John Warner, who is of no relation to Mark Warner, retired in 2009 after serving 30 years in the Senate. Mark Warner was elected to the Senate in 2008 and is currently serving his first term.
In an interview with The Associated Press, the elder and Warner praised Mark Warner for showing bipartisanship in an increasingly divided Congress.
"You see him crossing that aisle to try to form teams to solve problems," John Warner said. "That's so essential."
Mark Warner lost to John Warner in a 1996 campaign for the Senate. The AP pointed out that when Mark Warner became Virginia's governor in 2002, the two politicians set that race aside and went on to collaborate on issues such as defense funding and transportation infrastructure.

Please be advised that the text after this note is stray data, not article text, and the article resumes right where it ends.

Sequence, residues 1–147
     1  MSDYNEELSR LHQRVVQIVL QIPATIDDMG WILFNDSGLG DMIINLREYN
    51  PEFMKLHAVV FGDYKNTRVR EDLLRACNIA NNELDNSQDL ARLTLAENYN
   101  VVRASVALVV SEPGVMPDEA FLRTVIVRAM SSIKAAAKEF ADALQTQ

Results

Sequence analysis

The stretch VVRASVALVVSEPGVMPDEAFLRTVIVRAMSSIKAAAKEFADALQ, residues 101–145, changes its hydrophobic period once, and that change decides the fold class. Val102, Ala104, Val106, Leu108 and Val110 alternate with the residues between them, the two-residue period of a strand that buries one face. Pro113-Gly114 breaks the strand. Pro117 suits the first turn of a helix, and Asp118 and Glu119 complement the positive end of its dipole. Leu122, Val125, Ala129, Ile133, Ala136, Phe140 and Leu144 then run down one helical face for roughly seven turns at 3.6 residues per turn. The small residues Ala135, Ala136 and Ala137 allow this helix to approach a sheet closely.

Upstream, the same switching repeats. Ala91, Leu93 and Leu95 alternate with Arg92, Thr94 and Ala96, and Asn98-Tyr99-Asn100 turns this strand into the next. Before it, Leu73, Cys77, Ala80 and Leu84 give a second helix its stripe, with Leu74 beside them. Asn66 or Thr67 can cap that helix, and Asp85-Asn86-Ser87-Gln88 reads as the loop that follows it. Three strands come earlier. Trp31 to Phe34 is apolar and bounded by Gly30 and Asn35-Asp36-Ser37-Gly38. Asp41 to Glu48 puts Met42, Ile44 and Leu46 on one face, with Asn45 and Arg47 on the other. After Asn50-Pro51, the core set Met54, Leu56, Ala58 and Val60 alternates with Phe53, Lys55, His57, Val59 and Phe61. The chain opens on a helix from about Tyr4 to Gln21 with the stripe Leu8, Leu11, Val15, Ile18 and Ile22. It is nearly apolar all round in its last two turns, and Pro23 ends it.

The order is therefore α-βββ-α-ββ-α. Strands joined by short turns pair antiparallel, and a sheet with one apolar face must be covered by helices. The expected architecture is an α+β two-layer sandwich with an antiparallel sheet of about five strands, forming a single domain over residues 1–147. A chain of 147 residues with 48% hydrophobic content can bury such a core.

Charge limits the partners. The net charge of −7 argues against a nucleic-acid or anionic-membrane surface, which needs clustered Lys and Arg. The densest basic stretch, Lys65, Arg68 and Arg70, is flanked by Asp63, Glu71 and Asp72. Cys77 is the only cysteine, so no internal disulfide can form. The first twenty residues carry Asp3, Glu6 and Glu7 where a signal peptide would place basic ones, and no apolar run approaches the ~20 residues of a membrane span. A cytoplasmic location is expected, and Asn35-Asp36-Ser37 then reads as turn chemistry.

This isn't the first time John Warner has gone against his own party and tipped the odds in a Democrat's favor. In 1994, the stalwart Virginia lawmaker refused to endorse Republican Oliver North's bid for Senate. The move ended up bolstering Democratic Sen. Chuck Robb, who was reelected by a narrow margin.
"John Warner epitomizes what it means to be a senator," Mark Warner told the AP after the elder Warner attended his Senate swearing-in ceremony in 2009. "He's been a great friend of mine, and I was so proud to have him there."